Why Dungeons & Dragons is exactly what today's blockbusters need

dungeons and dragons honour among thieves
Dungeons & Dragons is exactly what Hollywood needsParamount - Paramount

Dungeons & Dragons spoilers won't be found here.

While the term "superhero fatigue" is a little on the dramatic side, the recent slump in Marvel and DC’s box office numbers does suggest that audiences might finally be demanding a little more variety in their multiplex diet.

Enter Dungeons & Dragons: Honour Among Thieves, based on the role-playing game that’s been knocking around since the 1970s – and a generous slice of rollicking high fantasy.

Having premiered to strong reviews at Texas' South by Southwest Festival, John Francis Daley and Jonathan Goldstein's deep dive into the world of paladins, spellcasters and owlbears plays up familiar tropes with fresh enthusiasm. It's really, really fun. And exactly the sort of thing today's blockbuster landscape could really benefit from.

Dungeons & Dragons' cinematic ascent isn't, of course, without precedent. While the brand took some inevitable damage from the critical and box-office failure of its very first cinematic venture – released in 2000, and inexplicably supplemented by two sequels – its popularity has steadily risen over the past decade or so.

Some of that, surely, has to do with Netflix's Stranger Things. The 1980s-set series not only firmly acquainted audiences with the ins and outs of dice rolls and Demogorgons, but it presented the ultimate D&D superfan as an erratic, guitar-shredding metalhead with enviable curls and the know-how to save the world (Joseph Quinn's Eddie Munson).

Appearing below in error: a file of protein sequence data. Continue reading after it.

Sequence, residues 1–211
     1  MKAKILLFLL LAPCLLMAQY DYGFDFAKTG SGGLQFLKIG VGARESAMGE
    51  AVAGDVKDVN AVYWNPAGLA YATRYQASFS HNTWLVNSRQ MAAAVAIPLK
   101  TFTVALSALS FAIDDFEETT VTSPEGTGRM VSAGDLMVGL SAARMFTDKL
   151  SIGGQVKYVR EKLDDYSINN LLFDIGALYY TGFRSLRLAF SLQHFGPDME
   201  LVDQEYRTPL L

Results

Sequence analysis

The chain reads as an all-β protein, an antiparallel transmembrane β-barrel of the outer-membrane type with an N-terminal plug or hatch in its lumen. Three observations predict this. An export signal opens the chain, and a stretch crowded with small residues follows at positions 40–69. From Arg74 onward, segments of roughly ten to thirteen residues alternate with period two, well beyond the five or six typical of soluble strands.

joseph quinn as eddie munson, stranger things season 4

That interest was boosted by podcasts and web shows like Critical Role, featuring The Last of Us' own Ashley Johnson. In short, D&D is no longer the sort of thing you have to play in secret, in basements, to avoid getting bullied. It's fully gone mainstream.

And that, surely, makes it an ideal answer to the question that's been haunting Hollywood execs for a good while now – high fantasy is currently dominating television, so why can't it do the same for film?

Willow, His Dark Materials, The Witcher, Shadow and Bone and The Wheel of Time were all produced on fairly substantial budgets, with HBO happily forking out $20m per episode on House of the Dragon, and Prime Video purchasing the rights to JRR Tolkien's books for a formidable $250m in 2017. At $58m per episode, The Lord of the Rings: The Rings of Power is currently the most expensive TV series ever made.

The world of film hasn't really invested in the genre to that degree since, well, the original Lord of the Rings trilogy scooped up a record-setting 11 Academy Awards – though Warner Bros recently announced its intention to dive back into Middle Earth in the near future.

The subsequent Hobbit films proved less popular, and a 2016 attempt to launch a series based around the video game World of Warcraft failed to break even. Of course, the sci-fi twist on the genre, Star Wars, has maintained its grip on the cultural imagination, but it's not quite been the same.

morfydd clark as galadriel in a green dress holding a dagger, lord of the rings the rings of power
Amazon Prime

A part of that will have to do with the total domination of superhero cinema, which comes with its own, empowering brand of escapism. But isn't it funny how frequently Marvel and DC have found themselves dipping into the worlds of myth and magic as of late? Think of Doctor Strange in the Multiverse of Madness, Thor: Love and Thunder, Shazam! Fury of the Gods and Eternals. All of these films have increasingly leant on traditional imagery of swords, shields and arcane magic. Dungeons & Dragons: Honor Among Thieves could build perfectly off those tonal shifts – offering a return to the kind of open-hearted, adventure-seeking days of The Princess Bride, Labyrinth and The Neverending Story.

Honor Among Thieves has only a morsel of the self-seriousness of Lord of the Rings. But it also isn't dragged down by aggressive, winking cynicism. It's a CGI-heavy spectacle that still makes room for practical tricks and complex puppets, a nod to the '80s era of filmmaking it so clearly draws from. It feels different, but certainly not too different. And that could be just the little shakeup Hollywood needs right now.

Dungeons & Dragons: Honour Among Thieves premieres in cinemas on Friday, March 31.

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